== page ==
Raising diplomatic kids in a diverse world

As politics become more divided and our world becomes more diverse, the ability to get along and talk with others who don’t look like us, act like us, or think like us is more important than ever for today’s kids. The word that sums up what it takes to bridge these divides is diplomacy. Diplomacy demands that kids understand their viewpoint is not the only one that holds value, and that when they are right, others are not automatically wrong. Diplomacy requires a slew of interpersonal skills including respect, tolerance, empathy, communication, humility, politeness and tact. These skills are not easy to come by, and often demand guidance from you, the parent. Here are some simple ways to help your kids learn to be diplomatic so they can succeed not only in their immediate world of school, home and friends, but in the grander world around them, now and in the future.

1. Respecting differences and practicing tolerance

A base for diplomacy is accepting that it takes all kinds of people to make up the world, and that differences are not only expected, but also welcomed. Young kids tend to think everyone feels the same as they do, and that life is basically the same for everyone. Spaghetti is their favorite food, so everyone must love it. They live in a house, so everyone else does, too. 

“Young children have a hard time seeing others points of view,” says Dr. Usha Udupa, a child psychiatrist with UCHealth’s Mountain Crest Regional Behavioral Healthcare Center in Fort Collins. 

Help kids stand in other people’s shoes with perspective-taking outings. For example, you could ride the city bus if it’s something you normally don’t do, or attend a cultural event that shows different customs and traditions from yours. Point out how people who look or act differently than you often have the same feelings or wants and needs as you.  

 “Kids in general are afraid of what they’re not familiar with—anyone who looks differently or talks differently makes kids feel uncomfortable. It’s less an issue of racism and more an issue of feeling comfortable. Teach your kids that when someone is different it’s not wrong, just interesting, by exposing them to different races and cultures whenever you can,” Udupa advises.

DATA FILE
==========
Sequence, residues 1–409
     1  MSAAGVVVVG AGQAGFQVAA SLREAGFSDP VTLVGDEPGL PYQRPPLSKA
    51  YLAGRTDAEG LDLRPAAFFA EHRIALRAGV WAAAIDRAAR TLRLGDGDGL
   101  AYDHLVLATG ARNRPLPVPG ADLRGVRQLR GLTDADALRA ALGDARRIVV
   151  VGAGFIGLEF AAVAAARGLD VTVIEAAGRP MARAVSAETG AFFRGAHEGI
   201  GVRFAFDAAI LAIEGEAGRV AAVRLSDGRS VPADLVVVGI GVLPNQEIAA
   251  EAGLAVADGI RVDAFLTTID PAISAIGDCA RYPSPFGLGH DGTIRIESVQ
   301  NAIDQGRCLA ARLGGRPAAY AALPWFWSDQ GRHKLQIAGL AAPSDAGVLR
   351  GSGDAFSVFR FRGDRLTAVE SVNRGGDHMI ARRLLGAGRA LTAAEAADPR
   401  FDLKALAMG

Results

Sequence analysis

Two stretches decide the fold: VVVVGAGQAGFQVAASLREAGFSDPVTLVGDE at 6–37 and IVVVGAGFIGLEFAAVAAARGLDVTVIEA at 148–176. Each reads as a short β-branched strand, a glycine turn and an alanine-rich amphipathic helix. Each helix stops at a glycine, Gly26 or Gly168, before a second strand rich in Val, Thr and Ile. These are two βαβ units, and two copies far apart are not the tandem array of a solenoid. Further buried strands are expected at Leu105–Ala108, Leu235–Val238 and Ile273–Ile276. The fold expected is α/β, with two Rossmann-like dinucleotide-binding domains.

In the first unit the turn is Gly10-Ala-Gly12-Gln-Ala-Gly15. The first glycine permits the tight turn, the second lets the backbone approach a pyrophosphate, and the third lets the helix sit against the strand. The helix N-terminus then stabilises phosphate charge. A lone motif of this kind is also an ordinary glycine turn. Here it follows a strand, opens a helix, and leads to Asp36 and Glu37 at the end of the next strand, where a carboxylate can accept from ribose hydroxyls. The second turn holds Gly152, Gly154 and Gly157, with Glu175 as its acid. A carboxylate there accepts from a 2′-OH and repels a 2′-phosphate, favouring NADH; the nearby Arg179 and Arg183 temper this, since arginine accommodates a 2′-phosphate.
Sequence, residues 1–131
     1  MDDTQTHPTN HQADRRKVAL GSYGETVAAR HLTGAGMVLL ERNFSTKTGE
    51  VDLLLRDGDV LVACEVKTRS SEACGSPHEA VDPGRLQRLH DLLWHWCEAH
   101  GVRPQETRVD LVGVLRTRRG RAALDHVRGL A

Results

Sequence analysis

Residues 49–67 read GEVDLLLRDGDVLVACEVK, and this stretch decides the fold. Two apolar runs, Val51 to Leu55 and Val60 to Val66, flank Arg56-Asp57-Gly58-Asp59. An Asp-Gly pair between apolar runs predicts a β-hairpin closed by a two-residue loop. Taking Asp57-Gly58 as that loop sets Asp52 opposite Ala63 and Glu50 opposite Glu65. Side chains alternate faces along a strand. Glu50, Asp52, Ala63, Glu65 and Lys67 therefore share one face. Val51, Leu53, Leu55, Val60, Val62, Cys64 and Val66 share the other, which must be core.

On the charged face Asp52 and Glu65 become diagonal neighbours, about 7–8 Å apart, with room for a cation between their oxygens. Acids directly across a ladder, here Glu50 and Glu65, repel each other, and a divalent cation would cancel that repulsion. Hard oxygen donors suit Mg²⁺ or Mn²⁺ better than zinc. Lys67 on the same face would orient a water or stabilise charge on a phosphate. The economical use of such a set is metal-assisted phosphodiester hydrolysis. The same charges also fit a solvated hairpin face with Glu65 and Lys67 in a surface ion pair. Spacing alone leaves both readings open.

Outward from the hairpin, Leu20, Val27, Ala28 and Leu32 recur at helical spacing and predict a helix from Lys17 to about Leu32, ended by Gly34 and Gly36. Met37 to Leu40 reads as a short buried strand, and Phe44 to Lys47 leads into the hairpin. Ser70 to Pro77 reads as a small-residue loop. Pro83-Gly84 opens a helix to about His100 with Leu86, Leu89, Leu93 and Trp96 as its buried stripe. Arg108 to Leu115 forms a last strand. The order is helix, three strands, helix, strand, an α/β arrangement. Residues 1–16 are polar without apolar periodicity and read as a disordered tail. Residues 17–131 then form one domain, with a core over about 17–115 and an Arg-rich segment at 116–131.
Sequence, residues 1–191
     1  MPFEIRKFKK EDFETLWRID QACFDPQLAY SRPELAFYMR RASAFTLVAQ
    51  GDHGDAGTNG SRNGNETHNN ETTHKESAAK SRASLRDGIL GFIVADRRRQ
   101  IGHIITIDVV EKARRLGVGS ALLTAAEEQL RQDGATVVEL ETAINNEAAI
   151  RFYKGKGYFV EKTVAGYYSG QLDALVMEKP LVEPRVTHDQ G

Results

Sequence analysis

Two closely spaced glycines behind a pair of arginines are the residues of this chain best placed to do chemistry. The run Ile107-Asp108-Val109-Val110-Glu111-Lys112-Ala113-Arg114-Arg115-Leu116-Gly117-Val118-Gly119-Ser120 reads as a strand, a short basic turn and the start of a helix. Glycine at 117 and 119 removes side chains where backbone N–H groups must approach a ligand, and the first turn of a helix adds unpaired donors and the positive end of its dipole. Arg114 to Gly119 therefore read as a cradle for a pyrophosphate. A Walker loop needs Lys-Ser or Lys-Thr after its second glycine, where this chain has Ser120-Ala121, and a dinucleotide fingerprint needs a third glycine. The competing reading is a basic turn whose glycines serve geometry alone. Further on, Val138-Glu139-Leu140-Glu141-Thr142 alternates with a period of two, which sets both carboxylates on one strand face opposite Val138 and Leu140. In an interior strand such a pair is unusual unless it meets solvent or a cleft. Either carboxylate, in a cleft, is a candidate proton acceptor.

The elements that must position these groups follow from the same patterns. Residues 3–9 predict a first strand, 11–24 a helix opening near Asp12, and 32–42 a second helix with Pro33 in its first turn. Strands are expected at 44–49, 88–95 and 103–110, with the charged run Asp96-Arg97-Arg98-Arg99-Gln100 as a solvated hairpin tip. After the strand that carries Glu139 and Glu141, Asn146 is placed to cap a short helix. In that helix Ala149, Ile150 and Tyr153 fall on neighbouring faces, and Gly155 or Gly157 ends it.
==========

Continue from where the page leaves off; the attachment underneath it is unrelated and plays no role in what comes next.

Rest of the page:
If you want a child who shows respect to others, don’t tolerate mean or rude behavior. Let your kids know that such behavior is not okay. Always impose a consequence for hitting, name-calling, and swear words. 

Also, if you witness your child being rude or judgmental with another child, step in. Make your child aware of his behavior in a gentle way. To help him understand, Udupa suggests pointing out how other kids react to his actions. For example, if he makes fun of the way a friend plays a game, you could say, ‘When you criticize Jack, he looks sad and gets quiet.’ Or, if he won’t share, you could say, ‘When you don’t share, Jack says he wants to go home.’

2. Showing empathy

Empathy basically means standing in someone else’s shoes and seeing the world from their point of view. Share your world with your kids, and show them firsthand what it’s like to be sad, disappointed, worried, or filled with joy. Let them know you understand what it feels like to fail, to be on the outside of a group, or to be at the top of your game by sharing stories from your own life. 

Empathy is both a learned skill and an innate personality trait. If your child doesn’t seem to have emotional antennas that pick up on how others are feeling, don’t fret.

“We are all born with a certain temperament. Some kids naturally internalize and feel other kids’ feelings. Others need guidance from parents or other adults to recognize how another child might feel. All kids are capable of empathy, whether it comes naturally or not,” Udupa says.